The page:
Critical F5 BIG-IP Vulnerability Targeted by Destructive Attacks

A recently disclosed F5 BIG-IP vulnerability has been used in destructive attacks, attempting to wipe a device’s file system and render the server unusable.

Last week, F5 disclosed a vulnerability identified as CVE-2022-1388 that allows remote attackers to run commands on BIG-IP network devices as “root” without authentication. Due to the critical nature of the bug, F5 urged admins to apply updates as soon as possible.

A few days later, researchers began publicly posting exploits on Twitter and GitHub, with threat actors soon using them in attacks across the Internet.

While most attacks were used to drop webshells for initial access to networks, steal SSH keys and enumerate system information, SANS Internet Storm Center saw two attacks that targeted BIG-IP devices in a way much more harmful.

SANS told BleepingComputer that their honeypots saw two attacks originating from IP address 177.54.127[.]111 which runs the ‘rm -rf /*’ command on the targeted BIG-IP device.

Tweet by SANS

This command will attempt to erase all files from the Linux file system of BIG-IP devices when executed.

As the exploit gives attackers root privileges in Linux operating systems powering BIG-IP devices, the rm -rf /* command will be able to remove almost any file, including the configuration files needed for proper operation. operation of the device.

After posting our story, security researcher Kevin Beaumont confirmed that devices were being wiped tonight.

“Can confirm. Real world devices are being wiped tonight, many on Shodan have stopped responding,” tweeted Beaumont.

Fortunately, these destructive attacks don’t seem to be widespread, with most threat actors looking to profit from breaching devices rather than causing harm.

Cybersecurity threat intelligence firms Bad Packets and GreyNoise told BleepingComputer they haven’t seen any destructive attacks on their honeypots.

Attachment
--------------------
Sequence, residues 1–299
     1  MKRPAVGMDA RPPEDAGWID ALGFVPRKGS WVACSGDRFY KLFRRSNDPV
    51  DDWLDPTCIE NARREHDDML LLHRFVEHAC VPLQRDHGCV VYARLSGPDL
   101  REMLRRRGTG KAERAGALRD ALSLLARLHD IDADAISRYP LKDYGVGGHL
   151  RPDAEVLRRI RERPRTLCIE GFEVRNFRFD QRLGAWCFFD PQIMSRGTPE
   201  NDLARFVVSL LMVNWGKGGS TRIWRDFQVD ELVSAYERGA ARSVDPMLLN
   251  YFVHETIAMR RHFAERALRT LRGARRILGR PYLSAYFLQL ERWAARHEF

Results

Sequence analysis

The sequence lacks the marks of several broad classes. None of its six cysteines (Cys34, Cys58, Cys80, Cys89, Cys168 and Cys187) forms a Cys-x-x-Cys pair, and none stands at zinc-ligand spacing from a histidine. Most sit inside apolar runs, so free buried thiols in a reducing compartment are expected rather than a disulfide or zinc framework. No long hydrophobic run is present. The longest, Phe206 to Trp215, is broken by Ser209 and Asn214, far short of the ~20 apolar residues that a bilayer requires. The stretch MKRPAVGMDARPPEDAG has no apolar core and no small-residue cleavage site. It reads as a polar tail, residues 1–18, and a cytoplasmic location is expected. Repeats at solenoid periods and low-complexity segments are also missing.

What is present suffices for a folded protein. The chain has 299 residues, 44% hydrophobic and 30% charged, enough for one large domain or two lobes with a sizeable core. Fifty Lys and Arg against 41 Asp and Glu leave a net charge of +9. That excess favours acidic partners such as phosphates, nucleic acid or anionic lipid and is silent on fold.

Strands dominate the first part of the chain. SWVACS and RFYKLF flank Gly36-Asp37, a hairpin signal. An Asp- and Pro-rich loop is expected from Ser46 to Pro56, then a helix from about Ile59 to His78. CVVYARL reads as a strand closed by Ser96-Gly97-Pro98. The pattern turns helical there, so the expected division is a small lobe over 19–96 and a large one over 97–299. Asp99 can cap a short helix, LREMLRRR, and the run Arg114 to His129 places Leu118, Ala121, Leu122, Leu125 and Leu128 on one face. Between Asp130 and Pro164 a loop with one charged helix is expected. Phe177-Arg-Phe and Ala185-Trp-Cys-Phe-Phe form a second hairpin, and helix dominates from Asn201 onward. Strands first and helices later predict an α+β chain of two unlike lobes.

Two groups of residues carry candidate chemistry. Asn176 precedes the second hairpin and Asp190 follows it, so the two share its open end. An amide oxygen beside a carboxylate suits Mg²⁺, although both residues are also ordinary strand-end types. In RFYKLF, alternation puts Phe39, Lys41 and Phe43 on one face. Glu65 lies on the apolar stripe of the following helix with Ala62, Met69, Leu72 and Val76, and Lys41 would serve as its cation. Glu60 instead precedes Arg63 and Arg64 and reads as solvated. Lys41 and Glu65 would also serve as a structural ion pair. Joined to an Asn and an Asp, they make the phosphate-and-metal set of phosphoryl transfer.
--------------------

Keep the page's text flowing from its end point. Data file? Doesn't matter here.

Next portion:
Researcher GreyNoise Kimber said they mainly saw exploits removing webshells, exfiltrating configurations, or running commands to create administrator accounts on devices.

While destructive attacks observed by SANS may be rare, the fact that they occur should be all the incentive an administrator needs to update their devices to the latest patch levels.

When we contacted F5 about these destructive attacks, they told BleepingComputer that they were in contact with SANS and strongly advised administrators against exposing the BIG-IP management interface to the internet.

“We have been in contact with SANS and are investigating the issue. If customers have not already done so, we urge them to update to a fixed version of BIG-IP or implement one of the mitigation detailed in the security advisory. We urge customers to never expose their BIG-IP Management Interface (TMUI) to the public internet and ensure that appropriate controls are in place to limit the access.” -F5

However, it is important to note that Beaumont has found that attacks also affect devices on non-management ports if they are misconfigured.

Tweet from Kevin Beaumont

For those affected by attacks on their BIG-IP devices, F5 told BleepingComputer that their security incident response team is available 24 hours a day, seven days a week, and can be reached at (888) 882- 7535, (800) 11-275-435, or online.

For F5 BIG-IP administrators concerned that their devices have already been compromised, Sandfly Security founder Craig Rowland is offer test licenses that they can use to verify their devices.

Update 5/10/22: Added confirmation from Kevin Beaumont.

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